North Rocks is a suburban area of Sydney and is the home of the Royal Institute for Deaf and Blind Children since 1961.
There are several public transport options for getting to and from the Renwick Centre within the Sydney metropolitan area.
Cityrail train stations are located in Epping (6 km away) and Parramatta (7km away) and have connecting bus services (refer to Buses section below) to the Centre.
Epping train station is on the Northern, Newcastle and Central Coast lines with a journey time of approximately 30 minutes to the city (Central, Town Hall and Wynyard stations) and 20 minutes to Strathfield or Hornsby stations.
Parramatta train station offers frequent services to the city (about 40 minutes of travel time) and is located on the Western, Cumberland and Blue Mountains lines.
Both stations are wheelchair accessible.
There is a bus stop directly outside the RIDBC campus – services to Epping and Macquarie Centre – and another across the road outside the Westfield Shopping Centre for services to Parramatta and Blacktown. For latest info on these routes, please visit the Sydney Buses website.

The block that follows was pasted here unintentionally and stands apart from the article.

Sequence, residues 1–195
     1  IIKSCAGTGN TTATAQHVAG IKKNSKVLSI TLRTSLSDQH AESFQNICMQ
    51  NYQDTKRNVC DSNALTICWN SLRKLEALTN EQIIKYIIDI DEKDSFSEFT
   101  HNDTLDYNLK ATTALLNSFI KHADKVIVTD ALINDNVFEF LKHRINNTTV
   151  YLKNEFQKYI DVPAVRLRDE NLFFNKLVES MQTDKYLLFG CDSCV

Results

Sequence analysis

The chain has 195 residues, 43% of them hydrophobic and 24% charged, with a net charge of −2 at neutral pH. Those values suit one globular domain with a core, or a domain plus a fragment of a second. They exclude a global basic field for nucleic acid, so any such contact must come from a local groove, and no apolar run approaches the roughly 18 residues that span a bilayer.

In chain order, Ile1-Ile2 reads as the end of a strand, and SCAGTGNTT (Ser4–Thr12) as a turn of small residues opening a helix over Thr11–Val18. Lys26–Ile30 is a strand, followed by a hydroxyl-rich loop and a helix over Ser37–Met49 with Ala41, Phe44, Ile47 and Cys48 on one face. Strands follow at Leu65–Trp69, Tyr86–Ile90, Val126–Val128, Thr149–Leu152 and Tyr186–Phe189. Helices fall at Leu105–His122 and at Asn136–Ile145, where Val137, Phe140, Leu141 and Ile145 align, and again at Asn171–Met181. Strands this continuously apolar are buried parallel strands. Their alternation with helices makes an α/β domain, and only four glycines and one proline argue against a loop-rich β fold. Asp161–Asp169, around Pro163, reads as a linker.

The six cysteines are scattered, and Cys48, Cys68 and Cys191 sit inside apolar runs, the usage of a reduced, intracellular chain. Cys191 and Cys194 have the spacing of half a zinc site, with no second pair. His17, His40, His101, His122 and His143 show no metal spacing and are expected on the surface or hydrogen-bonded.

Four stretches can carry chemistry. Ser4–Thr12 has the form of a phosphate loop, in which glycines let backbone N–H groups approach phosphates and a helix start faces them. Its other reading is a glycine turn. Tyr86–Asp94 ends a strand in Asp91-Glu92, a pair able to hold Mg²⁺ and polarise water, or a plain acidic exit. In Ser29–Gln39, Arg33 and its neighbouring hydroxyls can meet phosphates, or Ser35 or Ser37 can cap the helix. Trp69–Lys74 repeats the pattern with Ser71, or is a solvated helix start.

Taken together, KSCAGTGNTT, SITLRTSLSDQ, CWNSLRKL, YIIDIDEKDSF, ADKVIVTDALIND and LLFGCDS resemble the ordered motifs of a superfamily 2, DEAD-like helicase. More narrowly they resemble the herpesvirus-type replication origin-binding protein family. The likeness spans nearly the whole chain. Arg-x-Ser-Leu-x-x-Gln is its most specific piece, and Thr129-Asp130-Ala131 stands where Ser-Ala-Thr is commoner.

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* Access to these bus services is from the M2 motorway at Barclay Road bus stop, a 20 minute walk (1.4 km) from the Centre.
Sydney Airport has domestic and international terminals and is approximately 35 km south-east of the Renwick Centre.
Cityrail train stations are located within the domestic and international terminals. To get to the centre, you will need to change trains at Central to an Epping or Parramatta service and then either take a taxi or bus the remaining distance to the centre. Journey time by public transport is approximately 90-120 minutes.
Companies providing a taxi service in the Sydney area include Premier Cabs (Phone: 13 10 17), Silver Service (Phone: 133 100), Taxis Combined (Phone: 8332 8888) and RSL Cabs (Phone: 132 211).
with payment by: